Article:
28. Schmidt, R., & Frota, S. (1986). Developing basic conversational ability in a second language: A case study of an adult learner of Portuguese. In R. Day (Ed.), Talking to learn: Conversation in second language acquisition. Rowley, MA: Newbury House.Google Scholar
  29. Shiffrin, W., & Schneider, R. (1977a). Controlled and automatic human information processing I: Detection, search, and attention. Psychology Review, 84, 1–66.CrossRefGoogle Scholar
  30. Shiffrin, W., & Schneider, R. (1977b). Controlled and automatic human information processing II: Perceptual learning, automatic attending and a general theory. Psychology Review, 84, 121–190.CrossRefGoogle Scholar
  31. Skehan, P. (1996). A framework for the implementation of task-based learning. Applied Linguistics, 17, 38–62.CrossRefGoogle Scholar
  32. Skehan, P. (2009). Modeling second language performance: Integrating complexity, accuracy, fluency and lexis. Applied Linguistics, 30, 510–532.CrossRefGoogle Scholar
  33. Skehan, P. (2011, September). Tasks, conditions and characteristics: Understanding the influences upon task performance. Plenary at JACET 50th commemorative international convention, Seinan University, Fukuoka, Japan.Google Scholar
  34. Skehan, P. (2014). Processing perspectives on task performance. Amsterdam: John Benjamins.CrossRefGoogle Scholar
  35. Skehan, P. (2016). Tasks versus conditions: Two perspectives on task research and their implications for pedagogy. International Review of Applied Linguistics, 36, 34–49.CrossRefGoogle Scholar
  36. Swain, M. (1985). Communicative competence: Some roles of comprehensible input and comprehensible output on its development. In S. Gass & C. Madden (Eds.), Input in second language acquisition (pp. 235–253). Rowley, MA: Newbury House.Google Scholar
  37. Swain, M. (1995). Three functions of output in second language learning. In G. Cook & B. Seidlhofer (Eds.), Principle and practice in applied linguistics (pp. 125–144). Oxford, UK: Oxford University Press.Google Scholar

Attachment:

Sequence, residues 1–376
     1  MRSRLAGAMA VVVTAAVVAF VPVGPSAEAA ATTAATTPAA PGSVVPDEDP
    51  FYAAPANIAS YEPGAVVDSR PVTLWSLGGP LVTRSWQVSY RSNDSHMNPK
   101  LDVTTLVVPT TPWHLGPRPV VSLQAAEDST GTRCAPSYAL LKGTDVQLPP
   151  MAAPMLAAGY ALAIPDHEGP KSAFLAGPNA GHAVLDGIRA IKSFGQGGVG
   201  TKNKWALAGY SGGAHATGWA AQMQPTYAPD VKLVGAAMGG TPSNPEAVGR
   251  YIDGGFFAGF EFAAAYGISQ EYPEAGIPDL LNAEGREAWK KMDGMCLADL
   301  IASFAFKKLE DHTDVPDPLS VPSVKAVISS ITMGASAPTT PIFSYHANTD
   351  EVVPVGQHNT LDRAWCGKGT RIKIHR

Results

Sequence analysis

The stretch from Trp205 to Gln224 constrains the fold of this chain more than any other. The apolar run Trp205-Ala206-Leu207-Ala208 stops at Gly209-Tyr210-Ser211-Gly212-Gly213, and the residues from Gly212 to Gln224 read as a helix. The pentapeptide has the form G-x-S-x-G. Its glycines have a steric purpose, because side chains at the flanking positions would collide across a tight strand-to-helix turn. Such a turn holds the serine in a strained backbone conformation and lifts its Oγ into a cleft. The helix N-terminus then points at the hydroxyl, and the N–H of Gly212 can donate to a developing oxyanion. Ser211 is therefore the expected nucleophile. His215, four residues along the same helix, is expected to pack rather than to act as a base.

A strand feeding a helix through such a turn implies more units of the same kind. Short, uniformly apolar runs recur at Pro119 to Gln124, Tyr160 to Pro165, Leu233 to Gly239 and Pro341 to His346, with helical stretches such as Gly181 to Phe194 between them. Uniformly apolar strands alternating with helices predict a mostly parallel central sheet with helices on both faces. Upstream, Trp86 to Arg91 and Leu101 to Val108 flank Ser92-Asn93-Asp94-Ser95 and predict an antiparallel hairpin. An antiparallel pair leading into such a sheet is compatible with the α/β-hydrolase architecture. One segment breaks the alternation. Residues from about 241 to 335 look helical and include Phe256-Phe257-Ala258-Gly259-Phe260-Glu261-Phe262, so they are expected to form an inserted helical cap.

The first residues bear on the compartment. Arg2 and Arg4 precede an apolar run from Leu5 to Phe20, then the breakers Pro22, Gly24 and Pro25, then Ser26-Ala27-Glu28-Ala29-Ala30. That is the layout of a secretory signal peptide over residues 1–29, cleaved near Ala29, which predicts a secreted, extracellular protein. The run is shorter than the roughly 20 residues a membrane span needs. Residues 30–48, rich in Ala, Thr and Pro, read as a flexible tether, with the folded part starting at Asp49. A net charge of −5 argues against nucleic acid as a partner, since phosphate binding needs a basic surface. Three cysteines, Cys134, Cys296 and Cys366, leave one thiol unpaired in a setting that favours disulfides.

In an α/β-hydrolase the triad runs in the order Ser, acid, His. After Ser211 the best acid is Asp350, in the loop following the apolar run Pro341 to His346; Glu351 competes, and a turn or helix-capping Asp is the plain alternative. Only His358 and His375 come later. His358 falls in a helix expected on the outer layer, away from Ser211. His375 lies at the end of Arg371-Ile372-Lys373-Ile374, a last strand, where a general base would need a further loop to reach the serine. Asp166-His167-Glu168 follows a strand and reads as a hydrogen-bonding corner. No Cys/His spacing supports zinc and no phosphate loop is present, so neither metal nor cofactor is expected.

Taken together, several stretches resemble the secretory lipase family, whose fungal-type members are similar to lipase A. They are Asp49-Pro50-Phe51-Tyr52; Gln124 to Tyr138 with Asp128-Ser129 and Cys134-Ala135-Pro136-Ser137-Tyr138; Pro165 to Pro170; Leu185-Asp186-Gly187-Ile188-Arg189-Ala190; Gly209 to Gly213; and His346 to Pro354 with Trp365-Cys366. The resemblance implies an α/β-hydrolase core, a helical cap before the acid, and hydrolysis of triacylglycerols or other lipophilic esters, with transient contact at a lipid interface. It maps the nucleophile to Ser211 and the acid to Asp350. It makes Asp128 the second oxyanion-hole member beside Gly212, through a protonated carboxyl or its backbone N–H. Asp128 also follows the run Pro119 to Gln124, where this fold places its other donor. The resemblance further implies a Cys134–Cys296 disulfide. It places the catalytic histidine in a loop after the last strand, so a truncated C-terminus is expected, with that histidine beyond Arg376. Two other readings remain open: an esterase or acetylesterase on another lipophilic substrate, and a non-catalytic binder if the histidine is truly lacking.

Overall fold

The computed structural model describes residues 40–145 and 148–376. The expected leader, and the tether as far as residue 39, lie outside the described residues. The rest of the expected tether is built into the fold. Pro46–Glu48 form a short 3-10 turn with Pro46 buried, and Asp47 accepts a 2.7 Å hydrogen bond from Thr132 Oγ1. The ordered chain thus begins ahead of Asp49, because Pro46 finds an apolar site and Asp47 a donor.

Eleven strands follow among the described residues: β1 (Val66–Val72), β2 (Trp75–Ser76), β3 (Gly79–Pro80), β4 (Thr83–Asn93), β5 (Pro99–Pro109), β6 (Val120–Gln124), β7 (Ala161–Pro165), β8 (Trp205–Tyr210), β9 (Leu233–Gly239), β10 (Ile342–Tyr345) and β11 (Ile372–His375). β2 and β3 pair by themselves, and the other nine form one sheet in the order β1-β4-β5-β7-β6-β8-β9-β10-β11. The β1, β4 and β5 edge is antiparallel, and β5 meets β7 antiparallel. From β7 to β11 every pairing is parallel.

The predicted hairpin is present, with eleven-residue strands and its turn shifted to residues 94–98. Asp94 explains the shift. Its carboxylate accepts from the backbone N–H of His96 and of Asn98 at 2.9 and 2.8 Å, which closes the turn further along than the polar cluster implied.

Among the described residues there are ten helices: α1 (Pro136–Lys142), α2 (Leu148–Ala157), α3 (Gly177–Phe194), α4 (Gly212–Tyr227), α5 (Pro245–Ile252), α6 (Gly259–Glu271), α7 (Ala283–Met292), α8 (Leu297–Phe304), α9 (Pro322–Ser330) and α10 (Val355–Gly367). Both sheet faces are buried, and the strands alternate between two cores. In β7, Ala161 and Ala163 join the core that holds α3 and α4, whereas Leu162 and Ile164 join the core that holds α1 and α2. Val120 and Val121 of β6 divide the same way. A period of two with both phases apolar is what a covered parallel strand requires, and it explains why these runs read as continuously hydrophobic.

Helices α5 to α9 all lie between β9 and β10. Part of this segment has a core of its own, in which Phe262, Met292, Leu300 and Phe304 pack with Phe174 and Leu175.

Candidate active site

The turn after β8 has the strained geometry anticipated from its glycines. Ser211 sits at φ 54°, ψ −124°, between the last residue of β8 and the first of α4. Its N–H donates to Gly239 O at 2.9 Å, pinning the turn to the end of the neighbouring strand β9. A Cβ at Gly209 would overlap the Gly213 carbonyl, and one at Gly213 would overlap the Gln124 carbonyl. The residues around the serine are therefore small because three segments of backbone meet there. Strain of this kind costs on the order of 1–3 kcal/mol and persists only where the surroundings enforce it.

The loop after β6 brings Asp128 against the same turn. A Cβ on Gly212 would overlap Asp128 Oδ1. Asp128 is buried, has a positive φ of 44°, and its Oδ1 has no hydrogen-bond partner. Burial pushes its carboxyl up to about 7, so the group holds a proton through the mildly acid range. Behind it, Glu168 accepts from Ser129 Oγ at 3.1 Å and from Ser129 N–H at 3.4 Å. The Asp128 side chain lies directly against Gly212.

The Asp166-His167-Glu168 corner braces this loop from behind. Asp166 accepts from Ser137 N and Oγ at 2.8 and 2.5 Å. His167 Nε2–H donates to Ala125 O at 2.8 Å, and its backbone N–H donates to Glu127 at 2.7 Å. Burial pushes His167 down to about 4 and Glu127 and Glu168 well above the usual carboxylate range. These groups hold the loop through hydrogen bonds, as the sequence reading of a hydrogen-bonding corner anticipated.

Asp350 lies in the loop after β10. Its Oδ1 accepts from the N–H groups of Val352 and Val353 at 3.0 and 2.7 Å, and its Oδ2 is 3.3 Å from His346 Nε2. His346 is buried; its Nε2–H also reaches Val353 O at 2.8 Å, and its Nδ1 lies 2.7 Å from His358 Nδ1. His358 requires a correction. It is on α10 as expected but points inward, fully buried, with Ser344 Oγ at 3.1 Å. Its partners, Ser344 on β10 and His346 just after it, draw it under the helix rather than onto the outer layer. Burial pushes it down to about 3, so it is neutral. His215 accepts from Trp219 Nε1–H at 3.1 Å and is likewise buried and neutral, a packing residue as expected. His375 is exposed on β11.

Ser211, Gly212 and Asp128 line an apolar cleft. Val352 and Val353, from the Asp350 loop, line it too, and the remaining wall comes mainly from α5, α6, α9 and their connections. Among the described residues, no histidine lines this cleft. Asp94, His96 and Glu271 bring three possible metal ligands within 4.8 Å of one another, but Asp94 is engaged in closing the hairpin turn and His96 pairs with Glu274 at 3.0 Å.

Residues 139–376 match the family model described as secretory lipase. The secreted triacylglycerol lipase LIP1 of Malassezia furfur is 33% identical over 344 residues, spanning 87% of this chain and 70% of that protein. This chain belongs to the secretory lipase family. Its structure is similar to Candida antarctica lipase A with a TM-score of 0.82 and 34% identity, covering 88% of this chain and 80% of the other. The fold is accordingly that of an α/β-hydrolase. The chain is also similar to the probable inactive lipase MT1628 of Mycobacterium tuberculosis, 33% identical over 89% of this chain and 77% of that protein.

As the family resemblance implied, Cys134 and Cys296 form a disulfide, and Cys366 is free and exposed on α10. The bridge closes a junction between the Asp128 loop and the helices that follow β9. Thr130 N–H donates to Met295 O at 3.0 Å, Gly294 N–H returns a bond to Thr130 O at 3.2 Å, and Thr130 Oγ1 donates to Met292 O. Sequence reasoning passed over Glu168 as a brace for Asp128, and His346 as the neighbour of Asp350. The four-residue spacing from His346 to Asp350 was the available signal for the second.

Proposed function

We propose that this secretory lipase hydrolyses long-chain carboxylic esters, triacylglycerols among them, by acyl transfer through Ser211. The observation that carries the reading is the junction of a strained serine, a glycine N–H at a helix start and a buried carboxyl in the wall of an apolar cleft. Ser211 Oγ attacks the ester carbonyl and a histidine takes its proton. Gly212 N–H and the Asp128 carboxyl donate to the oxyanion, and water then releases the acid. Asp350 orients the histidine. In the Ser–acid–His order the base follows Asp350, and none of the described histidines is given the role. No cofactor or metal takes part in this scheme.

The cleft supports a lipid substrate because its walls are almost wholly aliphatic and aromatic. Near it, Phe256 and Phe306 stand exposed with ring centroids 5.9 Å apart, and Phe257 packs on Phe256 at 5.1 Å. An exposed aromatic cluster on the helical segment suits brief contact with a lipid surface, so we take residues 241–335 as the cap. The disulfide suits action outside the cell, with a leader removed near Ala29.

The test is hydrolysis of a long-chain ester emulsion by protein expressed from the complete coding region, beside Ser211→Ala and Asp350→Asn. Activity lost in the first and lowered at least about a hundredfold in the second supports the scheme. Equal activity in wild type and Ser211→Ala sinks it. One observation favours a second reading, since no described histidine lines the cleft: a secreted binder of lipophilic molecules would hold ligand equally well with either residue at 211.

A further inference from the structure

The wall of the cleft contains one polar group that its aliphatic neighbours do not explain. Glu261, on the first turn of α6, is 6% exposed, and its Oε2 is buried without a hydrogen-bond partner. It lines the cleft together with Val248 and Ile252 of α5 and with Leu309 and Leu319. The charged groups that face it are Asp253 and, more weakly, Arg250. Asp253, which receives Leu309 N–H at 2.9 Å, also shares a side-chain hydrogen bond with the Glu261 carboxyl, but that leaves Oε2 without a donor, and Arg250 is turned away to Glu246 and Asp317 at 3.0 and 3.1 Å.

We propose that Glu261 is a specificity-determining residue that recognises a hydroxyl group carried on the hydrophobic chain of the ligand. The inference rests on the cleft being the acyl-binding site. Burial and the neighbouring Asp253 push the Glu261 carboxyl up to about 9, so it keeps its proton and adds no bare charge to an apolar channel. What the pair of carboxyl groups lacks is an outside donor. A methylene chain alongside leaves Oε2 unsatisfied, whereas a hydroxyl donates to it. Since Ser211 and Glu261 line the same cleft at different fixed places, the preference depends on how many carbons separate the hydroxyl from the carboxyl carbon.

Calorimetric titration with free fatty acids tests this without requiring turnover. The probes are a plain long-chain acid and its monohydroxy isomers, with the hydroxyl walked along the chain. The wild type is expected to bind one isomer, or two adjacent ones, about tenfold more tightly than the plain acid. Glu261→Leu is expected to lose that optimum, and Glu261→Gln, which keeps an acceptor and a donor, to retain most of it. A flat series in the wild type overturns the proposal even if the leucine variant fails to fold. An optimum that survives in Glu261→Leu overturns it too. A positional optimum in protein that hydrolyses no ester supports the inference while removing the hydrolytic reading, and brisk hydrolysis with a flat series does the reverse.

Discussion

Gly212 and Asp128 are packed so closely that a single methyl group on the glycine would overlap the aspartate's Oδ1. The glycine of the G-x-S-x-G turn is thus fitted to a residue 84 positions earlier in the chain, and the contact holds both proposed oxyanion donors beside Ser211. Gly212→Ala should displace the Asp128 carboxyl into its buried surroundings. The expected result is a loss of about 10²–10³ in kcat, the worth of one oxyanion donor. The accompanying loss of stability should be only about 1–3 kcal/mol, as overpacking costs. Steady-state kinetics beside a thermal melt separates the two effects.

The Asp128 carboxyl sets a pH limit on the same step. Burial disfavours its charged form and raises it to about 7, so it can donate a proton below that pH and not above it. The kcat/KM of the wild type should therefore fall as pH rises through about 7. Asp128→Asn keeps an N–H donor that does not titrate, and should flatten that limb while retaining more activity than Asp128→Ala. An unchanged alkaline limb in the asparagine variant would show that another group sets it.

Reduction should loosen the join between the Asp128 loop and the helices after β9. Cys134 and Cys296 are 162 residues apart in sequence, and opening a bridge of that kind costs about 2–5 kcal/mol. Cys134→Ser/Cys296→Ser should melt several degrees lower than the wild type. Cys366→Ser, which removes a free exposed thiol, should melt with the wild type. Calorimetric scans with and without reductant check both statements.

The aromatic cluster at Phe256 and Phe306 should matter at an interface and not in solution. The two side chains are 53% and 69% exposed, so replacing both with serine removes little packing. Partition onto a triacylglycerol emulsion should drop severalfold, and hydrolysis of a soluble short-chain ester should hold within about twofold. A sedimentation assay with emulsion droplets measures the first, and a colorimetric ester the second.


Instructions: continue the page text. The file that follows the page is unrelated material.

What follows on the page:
38. Talmy, L. (2008). Aspects of attention in language. In P. Robinson & N. Ellis (Eds.), Handbook of cognitive linguistics and second language acquisition (pp. 27–38). New York: Routledge.Google Scholar
  39. Tomlin, R., & Villa, V. (1994). Attention in cognitive science and second language acquisition. Studies in Second Language Acquisition, 16, 183–203.CrossRefGoogle Scholar
  40. Toth, P. (2006). Processing instruction and a role for output in second language acquisition. Language Learning, 56, 319–385.CrossRefGoogle Scholar
  41. Truscott, J., & Sharwood-Smith, M. (2011). Input, intake and consciousness: The quest for a theoretical foundation. Studies in Second Language Acquisition, 33, 497–528.CrossRefGoogle Scholar
  42. Wickens, C. (2007). Attention to the second language. International Review of Applied Linguistics, 45, 177–191.CrossRefGoogle Scholar
  43. Williams, J. (2005). Learning without awareness. Studies in Second Language Acquisition, 32, 465–491.Google Scholar

Copyright information

© Springer Nature Singapore Pte Ltd. 2019

Authors and Affiliations

  • Craig Lambert
    • 1
  1. 1.Curtin UniversityPerthAustralia

Personalised recommendations